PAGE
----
Travel Beijing in a Minute – Drone Aerial Video – Expedia


The Best Places to Visit in Beijing, China

Beijing, China

Beijing is the capital and largest city of China. It is one of the four national central cities in China and one of the ten major cities in the world. The Great Wall, the Forbidden City, Tiananmen Square are world heritage sites you must visit.

Beijing’s history could be traced back to 1368 when Mongolians established their Yuan Dynasty in Northern China. In 1553 Beijing became the capital under Ming Dynasty. The city was largely destroyed by war in 1858 but later became China’s capital once again after liberation from Japanese occupation in 1945.

Tips for Getting Around in Beijing

Beijing is a huge city with countless places to explore. The following tips will help you get around this metropolis like a local.

Beijing has three types of public transportation: subway, bus, and taxi. Beijing Metro has 14 lines and more than 300 stations, making it the world’s second longest subway system.

The Beijing Subway Map can be downloaded from the internet for offline use or printed before you go to Beijing. It is available in English and Chinese. It is very useful if you want to explore different parts of the city.

Two places you must visit in Beijing

Beijing is an amazing place. From the Great Wall and Tiananmen Square are two major landmarks you should not miss.

1) The Great Wall of China: The Great Wall was built over 2000 years ago and it is still standing today. It’s one of the greatest man-made feats in history and one of China’s top tourist attractions. You can climb up onto different sections or take a cable car up for a scenic view over Beijing

2) Tiananmen Square: This huge public square is home to Mao’s mausoleum and imperial buildings like the Hall of Supreme Harmony, National Museum, Monument to People’s Heroes, Mao Zedong Memorial Hall, National Grand Theatre

Activities You Can Do In Beijing You Can’t Do Elsewhere

1. Visit the Great Wall of China

2. Try Hot Pot

3.Try Dumplings at a local restaurant

4. Experience the Beijing Opera

5. Visit The Forbidden City

Temples and Monasteries

The Forbidden City, also known as the Imperial Palace, is a palace complex in Beijing, China. It has been a historic and cultural symbol of China for centuries and has been the political center of Chinese government for over 500 years.

It is located in the middle of Beijing’s central axis on the north side of Tiananmen Square and faces south to another square called Qianmen which was used as an entry point to the city. The Forbidden City occupies 720,000 square meters (77 acres) which contains 9,999 rooms (including those found in its inner court), more than 800 courtyards and over 8,000 piles of stone steps.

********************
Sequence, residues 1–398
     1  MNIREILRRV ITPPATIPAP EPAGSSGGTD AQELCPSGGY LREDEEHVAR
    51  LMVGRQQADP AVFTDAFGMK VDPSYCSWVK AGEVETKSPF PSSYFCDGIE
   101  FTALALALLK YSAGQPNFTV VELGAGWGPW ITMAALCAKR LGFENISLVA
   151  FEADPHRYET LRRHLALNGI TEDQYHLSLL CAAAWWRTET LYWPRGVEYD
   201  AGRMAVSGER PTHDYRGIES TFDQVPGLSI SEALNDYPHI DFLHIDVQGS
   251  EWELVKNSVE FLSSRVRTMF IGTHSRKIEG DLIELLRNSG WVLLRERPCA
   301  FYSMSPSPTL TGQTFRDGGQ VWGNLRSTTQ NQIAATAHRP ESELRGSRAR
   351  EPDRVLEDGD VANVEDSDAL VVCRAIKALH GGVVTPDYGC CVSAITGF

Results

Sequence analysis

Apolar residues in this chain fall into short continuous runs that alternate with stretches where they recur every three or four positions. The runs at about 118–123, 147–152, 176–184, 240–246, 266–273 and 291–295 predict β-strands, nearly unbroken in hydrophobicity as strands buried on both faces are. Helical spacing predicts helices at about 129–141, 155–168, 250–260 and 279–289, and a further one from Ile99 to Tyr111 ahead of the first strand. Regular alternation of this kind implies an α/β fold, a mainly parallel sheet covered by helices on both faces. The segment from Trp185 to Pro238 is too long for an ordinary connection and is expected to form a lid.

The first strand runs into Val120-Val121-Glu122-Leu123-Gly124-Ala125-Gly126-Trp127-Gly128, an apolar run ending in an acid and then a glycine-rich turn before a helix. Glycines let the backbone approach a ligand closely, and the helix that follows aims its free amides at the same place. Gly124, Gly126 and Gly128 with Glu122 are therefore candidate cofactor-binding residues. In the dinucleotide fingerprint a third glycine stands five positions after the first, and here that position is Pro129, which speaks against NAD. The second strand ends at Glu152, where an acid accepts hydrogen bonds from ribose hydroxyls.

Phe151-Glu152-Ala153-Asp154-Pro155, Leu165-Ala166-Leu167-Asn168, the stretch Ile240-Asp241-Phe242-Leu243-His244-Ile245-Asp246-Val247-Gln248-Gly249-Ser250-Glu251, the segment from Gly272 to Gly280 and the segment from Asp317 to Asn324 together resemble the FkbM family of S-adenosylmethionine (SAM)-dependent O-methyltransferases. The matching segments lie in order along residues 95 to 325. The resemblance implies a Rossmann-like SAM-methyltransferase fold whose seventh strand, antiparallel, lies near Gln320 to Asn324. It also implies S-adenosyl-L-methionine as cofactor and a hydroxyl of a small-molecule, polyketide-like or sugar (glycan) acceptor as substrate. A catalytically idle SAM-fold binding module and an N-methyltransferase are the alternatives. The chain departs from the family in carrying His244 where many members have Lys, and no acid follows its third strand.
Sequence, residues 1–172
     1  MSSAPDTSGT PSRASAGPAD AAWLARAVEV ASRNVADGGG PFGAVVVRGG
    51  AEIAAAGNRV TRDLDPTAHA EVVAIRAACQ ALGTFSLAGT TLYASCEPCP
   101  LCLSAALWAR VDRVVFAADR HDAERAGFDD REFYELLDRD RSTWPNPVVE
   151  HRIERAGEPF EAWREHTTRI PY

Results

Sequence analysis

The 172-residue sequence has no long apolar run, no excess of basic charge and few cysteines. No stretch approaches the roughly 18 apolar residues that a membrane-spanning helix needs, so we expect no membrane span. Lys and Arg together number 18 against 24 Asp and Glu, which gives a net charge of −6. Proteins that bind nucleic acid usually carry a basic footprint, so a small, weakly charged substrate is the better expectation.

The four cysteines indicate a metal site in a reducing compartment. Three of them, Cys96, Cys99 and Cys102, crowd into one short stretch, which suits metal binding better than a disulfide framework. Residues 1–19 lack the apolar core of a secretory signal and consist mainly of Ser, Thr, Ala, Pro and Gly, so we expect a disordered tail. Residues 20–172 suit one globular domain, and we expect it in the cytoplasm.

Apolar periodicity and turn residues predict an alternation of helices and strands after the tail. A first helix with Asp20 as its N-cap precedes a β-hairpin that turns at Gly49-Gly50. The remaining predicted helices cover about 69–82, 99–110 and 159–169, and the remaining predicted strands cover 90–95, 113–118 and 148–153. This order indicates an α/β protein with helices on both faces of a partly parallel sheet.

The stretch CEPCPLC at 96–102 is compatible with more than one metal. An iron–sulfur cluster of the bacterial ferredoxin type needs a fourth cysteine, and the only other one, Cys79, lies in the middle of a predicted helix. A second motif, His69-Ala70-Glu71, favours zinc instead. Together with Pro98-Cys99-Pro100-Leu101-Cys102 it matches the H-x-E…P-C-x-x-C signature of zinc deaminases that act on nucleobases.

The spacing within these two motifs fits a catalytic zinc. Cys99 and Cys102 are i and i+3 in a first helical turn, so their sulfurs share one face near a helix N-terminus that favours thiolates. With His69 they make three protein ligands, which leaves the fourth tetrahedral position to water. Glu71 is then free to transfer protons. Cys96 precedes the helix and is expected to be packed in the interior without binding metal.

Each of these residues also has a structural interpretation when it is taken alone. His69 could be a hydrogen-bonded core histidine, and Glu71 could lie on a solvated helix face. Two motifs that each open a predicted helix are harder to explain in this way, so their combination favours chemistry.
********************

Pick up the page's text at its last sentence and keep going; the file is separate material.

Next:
Hutong Alleyways and Streetscapes

Hutongs are narrow, winding alleyways that are sometimes surrounded by high-rises. They were designated as protected areas in the 1980s, but today they are becoming more and more inaccessible to the locals who live there.

The hutong alleyway is also changing with time. The old, traditional alleyways are becoming more and more inaccessible to locals who live there because of the increased number of highrises that have been built around them.

In recent years, Beijing’s Hutongs have been undergoing a process of transformation from being small alleys lined with low-rise buildings to being largely inaccessible enclaves for residents as a result of high-rise developments on either side.

Tiananmen Square

Tiananmen Square is a large city square in the center of Beijing, China. In 1949, it became the site of Mao Zedong’s proclamation that henceforth China would be ruled by socialism.

In the late 1950s and early 60s, massive rallies took place at Tiananmen Square to protest against the rule of Mao Zedong and later his successor Deng Xiaoping. In 1976, a group of people in Beijing began a hunger strike in Tiananmen Square to demand freedom of the press and freedom of speech—a demand that was refused by then-Premier Zhou Enlai.

In 1989, following weeks of demonstrations in cities across China, students from Peking University gathered at Tiananmen Square to protest against corruption and income inequality under then-Premier Li Peng’s administration.

Hutong Museum Center, Neighborhoods of Old Beijing

The Hutong Museum Center was founded by entrepreneur and documentary filmmaker Li Ying in 2006.

The center is divided into several sections with artifacts, photographs, and video installations that represent the changes in Beijing over the past century.

The museum is home to Qiangli Street Nightlife with Beijing “No Name” Bar Streetcar Cruise, which showcases the nightlife scenes of Beijing’s most popular hutong neighborhoods with a taste of traditional Chinese dishes like tea eggs or steamed buns.

Beijingers are known for drinking what they call “drinks.” For example, chaotang is a clear, sweet beverage made from boiled water and glutinous rice; maofeng is a hot drink made from black tea and ginger.


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